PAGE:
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Winter Energy Saving with Ductless Heating

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Energy Savings from Ductless Heat Pumps

sys-lg-mxsOur local electric company, Seattle City Light has announced a 5.6% average rate increase for 2017. One of the many complex drivers of this rate increase is that demand for residential electricity is not keeping pace with our local growth, and so their revenue forecast is not being met.

*Seattle homeowners are doing a great job at being energy efficient!

 

The Big Win in Energy Savings – Ductless Heating

Multizone outdoor unitIn addition to LED bulbs, one of the most dramatic reductions in residential electric use has come from the conversion of Seattle homes from baseboard and wall heating (aka electric resistance heat), to electric ductless heat pumps.

Seattle City Light estimates an average cost of $1,436 per year to use baseboard heat or an electric furnace, vs. about $500 with a ductless heat pump. The experts, including EnergyStar, concur that ductless heat pumps will save 40-50% or more vs the cost to use electric resistance heat. This is why your friends, family and neighbors are thinking out of the box and talking to  Fox Plumbing & Heating to help them make the switch.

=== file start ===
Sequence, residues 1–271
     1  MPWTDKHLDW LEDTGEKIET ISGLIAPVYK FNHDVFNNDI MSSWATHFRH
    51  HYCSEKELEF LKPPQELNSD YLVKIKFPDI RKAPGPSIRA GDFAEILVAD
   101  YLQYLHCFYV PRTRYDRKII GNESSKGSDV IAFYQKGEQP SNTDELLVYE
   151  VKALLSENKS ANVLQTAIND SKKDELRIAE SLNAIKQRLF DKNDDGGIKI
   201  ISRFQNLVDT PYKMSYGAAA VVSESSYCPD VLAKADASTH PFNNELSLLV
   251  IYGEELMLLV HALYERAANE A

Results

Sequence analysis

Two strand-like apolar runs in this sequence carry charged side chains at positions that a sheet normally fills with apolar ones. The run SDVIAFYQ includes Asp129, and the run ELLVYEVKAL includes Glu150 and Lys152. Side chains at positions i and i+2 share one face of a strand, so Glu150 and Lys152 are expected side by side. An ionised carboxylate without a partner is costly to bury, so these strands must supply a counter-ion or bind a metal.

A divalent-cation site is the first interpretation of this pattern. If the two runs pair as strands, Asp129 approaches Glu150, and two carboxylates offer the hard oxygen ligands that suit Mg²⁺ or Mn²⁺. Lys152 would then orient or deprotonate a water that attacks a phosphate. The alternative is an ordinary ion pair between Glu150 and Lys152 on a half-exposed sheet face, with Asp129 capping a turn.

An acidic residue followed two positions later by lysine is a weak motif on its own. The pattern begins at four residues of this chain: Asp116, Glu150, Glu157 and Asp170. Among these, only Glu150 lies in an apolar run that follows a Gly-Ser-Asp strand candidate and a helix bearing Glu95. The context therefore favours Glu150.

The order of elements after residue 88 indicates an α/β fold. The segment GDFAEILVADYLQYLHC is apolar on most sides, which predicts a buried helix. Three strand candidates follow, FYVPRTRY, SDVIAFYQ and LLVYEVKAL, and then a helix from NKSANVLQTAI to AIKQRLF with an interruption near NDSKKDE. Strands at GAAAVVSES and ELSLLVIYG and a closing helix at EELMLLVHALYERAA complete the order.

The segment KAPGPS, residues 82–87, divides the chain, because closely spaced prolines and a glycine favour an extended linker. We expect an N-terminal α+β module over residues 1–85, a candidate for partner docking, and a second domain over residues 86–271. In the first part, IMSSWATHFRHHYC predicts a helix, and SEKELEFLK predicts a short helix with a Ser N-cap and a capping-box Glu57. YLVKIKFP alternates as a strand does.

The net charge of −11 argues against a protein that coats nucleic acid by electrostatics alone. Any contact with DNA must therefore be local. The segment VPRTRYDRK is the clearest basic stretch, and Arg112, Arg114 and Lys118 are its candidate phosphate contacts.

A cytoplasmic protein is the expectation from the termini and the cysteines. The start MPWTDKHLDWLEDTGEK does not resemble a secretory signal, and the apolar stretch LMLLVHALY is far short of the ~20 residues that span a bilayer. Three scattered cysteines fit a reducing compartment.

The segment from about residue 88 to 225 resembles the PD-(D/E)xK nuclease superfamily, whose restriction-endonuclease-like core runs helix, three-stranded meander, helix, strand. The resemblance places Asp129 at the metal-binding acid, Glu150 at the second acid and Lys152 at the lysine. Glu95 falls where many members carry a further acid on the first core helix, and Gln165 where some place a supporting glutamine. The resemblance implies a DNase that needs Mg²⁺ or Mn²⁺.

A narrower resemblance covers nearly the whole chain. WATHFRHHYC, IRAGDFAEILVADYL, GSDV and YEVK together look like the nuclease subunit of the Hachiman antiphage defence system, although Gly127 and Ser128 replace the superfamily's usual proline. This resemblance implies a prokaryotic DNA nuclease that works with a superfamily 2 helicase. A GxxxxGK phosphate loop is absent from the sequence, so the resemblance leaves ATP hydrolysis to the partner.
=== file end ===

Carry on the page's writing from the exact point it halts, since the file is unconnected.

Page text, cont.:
Why Ductless Heat Pumps Save Money

The secret to heat pump efficiency can be boiled down to where the heat comes from. In the baseboard heater, the source of the heat is electricity that maintains the hot coils. Whereas, the ductless heat pump pulls heat from the outside air, transfers it into the house and blows it into the room, using only a little bit of electricity to run the heat pump.

Best Places to Use Ductless Heating

Ductless heat pumps, also called ductless split systems, are versatile and are made up of components that can be scaled to fit your needs. So you can use a ductless system in a:

  • Single family home
  • Condo or apartment
  • Basement, garage, outbuilding with power
  • Single room, bonus room, breezeway, room with no ductwork
  • Mobile or manufactured home

“One happy customer, who has a gas furnace, was always cold on the top floor of their house. With few heating vents upstairs, getting any heat meant overheating the downstairs. They found that by installing a single ductless heat pump upstairs, it was a lot more comfortable throughout the home.” – Bobby Moses, HVAC Manager  

To learn more about ductless heat pumps or get an estimate for installation from our HVAC specialists, call Fox Plumbing & Heating Today!

*SCL 4/16 report trend in residential use -6% below forecast

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